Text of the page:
29 January 2009

Philosophical assumptions

Many of the ideas developed by historical and modern personality theorists stem from the basic philosophical assumptions they hold. A good textbook for understanding basic assumptions behind personality theories is Hjelle and Ziegler (1992). This book is now out of print, but similar views are articulated by Ryckman (2000). The study of personality is not a purely empirical discipline, as it brings in elements of art, science, and philosophy to draw general conclusions. The following five categories are some of the most fundamental philosophical assumptions on which theorists disagree:

1. Freedom versus Determinism
See also: Free will

This is the debate over whether we have control over our own behavior and understand the motives behind it (Freedom), or if our behavior is causally determined by forces beyond our control (Determinism). Determinism has been considered to be unconscious, environmental, or biological by various theories.

2. Heredity versus Environment
Main article: Nature versus nurture

Personality is thought to be determined largely by either genetics and heredity, by environment and experiences, or by some combination of the two. There is evidence for all possibilities. Contemporary research suggests that most personality traits are based on the joint influence of genetics and environment.

3. Uniqueness versus Universality

The argument over whether we are all unique individuals (Uniqueness) or if humans are basically similar in their nature (Universality). Gordon Allport, Abraham Maslow, and Carl Rogers were all advocates of the uniqueness of individuals. Behaviorists and cognitive theorists, in contrast, emphasized the importance of universal principles such as reinforcement and self-efficacy.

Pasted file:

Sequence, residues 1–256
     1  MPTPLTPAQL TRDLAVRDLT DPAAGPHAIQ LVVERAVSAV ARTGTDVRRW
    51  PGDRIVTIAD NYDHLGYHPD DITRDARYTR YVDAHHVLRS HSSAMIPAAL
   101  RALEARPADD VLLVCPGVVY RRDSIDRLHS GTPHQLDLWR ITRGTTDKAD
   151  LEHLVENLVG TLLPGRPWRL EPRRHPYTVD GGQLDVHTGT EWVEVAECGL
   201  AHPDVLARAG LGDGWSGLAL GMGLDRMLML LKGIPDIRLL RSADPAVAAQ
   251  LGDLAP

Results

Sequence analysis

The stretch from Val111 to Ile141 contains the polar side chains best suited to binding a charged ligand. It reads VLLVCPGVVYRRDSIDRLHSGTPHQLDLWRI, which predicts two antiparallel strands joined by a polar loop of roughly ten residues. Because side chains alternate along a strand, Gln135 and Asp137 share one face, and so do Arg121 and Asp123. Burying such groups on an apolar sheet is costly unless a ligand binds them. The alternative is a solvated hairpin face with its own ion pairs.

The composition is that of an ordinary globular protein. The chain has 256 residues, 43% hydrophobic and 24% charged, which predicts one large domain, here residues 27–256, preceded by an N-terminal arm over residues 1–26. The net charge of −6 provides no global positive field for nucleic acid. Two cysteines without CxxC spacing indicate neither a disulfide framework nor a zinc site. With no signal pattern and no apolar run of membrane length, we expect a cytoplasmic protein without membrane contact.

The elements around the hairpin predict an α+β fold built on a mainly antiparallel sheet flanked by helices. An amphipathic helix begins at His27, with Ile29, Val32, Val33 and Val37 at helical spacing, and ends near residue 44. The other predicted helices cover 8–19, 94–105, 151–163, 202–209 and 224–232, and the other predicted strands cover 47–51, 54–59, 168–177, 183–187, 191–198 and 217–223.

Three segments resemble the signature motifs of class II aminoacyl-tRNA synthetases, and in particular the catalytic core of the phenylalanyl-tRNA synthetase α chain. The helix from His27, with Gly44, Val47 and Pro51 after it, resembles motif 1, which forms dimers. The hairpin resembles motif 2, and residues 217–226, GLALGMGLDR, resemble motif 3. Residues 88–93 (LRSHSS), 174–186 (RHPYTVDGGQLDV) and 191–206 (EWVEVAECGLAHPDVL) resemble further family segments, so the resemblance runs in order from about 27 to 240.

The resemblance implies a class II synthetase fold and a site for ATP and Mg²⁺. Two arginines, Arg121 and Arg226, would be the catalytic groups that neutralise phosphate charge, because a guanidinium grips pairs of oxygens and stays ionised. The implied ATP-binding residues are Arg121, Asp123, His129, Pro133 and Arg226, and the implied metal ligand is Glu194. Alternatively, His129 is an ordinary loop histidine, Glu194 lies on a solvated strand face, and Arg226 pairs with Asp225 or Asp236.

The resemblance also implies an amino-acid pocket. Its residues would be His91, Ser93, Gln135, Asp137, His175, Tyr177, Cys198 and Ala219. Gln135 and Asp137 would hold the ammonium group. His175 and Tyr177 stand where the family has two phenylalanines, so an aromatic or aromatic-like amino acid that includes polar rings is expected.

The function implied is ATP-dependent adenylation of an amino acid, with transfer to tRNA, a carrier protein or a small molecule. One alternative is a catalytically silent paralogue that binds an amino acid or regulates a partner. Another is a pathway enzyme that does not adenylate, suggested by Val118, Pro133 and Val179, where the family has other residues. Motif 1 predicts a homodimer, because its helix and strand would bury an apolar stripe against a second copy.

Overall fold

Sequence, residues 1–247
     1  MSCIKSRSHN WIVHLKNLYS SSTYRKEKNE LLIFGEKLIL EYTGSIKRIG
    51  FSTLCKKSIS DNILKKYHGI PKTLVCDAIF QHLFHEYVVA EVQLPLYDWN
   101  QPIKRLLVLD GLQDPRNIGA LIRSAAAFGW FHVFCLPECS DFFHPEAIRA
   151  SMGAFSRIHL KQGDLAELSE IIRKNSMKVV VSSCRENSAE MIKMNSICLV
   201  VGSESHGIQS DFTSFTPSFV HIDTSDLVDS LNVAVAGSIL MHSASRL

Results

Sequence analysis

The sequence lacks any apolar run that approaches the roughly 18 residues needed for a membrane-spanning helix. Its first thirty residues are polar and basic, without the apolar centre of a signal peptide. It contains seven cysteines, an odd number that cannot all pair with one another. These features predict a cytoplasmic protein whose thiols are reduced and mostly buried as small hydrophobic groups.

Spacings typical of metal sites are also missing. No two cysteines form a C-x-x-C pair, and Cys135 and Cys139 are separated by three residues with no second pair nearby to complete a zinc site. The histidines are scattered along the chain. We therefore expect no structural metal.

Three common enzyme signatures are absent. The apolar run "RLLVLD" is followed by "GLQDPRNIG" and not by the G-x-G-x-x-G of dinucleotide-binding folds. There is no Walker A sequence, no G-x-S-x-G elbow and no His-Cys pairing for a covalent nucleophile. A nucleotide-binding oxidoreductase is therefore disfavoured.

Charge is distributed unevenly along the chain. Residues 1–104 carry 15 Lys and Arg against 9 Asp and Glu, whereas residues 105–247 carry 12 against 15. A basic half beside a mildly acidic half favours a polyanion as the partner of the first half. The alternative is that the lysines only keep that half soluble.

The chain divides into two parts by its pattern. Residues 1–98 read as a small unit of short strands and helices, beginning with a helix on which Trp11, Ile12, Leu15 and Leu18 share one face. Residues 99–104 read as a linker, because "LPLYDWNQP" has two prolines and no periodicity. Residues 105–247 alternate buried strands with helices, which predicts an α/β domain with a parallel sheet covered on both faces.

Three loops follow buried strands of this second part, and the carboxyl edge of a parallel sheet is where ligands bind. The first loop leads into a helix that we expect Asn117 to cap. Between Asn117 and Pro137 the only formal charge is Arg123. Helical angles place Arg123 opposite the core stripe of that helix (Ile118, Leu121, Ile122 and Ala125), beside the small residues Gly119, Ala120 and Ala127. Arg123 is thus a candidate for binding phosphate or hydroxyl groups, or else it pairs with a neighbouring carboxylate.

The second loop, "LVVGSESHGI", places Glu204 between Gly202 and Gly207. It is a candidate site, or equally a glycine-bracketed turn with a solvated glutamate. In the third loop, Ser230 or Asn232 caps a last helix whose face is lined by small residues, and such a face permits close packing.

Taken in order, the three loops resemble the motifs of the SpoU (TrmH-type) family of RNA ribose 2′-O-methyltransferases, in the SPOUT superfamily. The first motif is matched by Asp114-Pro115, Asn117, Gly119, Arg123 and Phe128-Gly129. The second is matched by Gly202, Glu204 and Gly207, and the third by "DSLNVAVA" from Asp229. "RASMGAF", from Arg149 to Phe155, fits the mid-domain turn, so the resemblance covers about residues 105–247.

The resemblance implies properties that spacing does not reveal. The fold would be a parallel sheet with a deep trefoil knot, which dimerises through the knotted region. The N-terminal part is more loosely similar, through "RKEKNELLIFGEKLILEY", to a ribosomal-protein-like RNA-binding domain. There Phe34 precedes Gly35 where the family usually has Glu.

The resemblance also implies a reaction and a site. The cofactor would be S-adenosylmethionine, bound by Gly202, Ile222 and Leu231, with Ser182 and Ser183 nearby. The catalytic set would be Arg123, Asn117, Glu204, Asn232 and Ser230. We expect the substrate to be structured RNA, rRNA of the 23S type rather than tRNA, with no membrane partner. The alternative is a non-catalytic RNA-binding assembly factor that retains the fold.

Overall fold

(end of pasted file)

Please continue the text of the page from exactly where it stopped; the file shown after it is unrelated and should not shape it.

4. Active versus Reactive

Do we primarily act through our own initiative (Active), or do we react to outside stimuli (Reactive)? Behavioral theorists typically believe that humans are passively shaped by their environments, whereas humanistic and cognitive theorists believe that humans are more active.

5. Optimistic versus Pessimistic

Personality theories differ on whether people can change their personalities (Optimism), or if they are doomed to remain the same throughout their lives (Pessimism). Theories that place a great deal of emphasis on learning are often, but not always, more optimistic than theories that do not emphasize learning.

Personality theories

Critics of personality theory claim personality is "plastic" across time, places, moods, and situations. Changes in personality may indeed result from diet (or lack thereof), medical effects, significant events, or learning. However, most personality theories emphasize stability over fluctuation.

Trait theories

According to the Diagnostic and Statistical Manual of the American Psychiatric Association, personality traits are "enduring patterns of perceiving, relating to, and thinking about the environment and oneself that are exhibited in a wide range of social and personal contexts." Theorists generally assume a) traits are relatively stable over time, b) traits differ among individuals (e.g. some people are outgoing while others are reserved), and c) traits influence behavior.

The most common models of traits incorporate three to five broad dimensions or factors. The least controversial dimension, observed as far back as the ancient Greeks, is simply extraversion vs. introversion (outgoing and physical-stimulation-oriented vs. quiet and physical-stimulation-averse).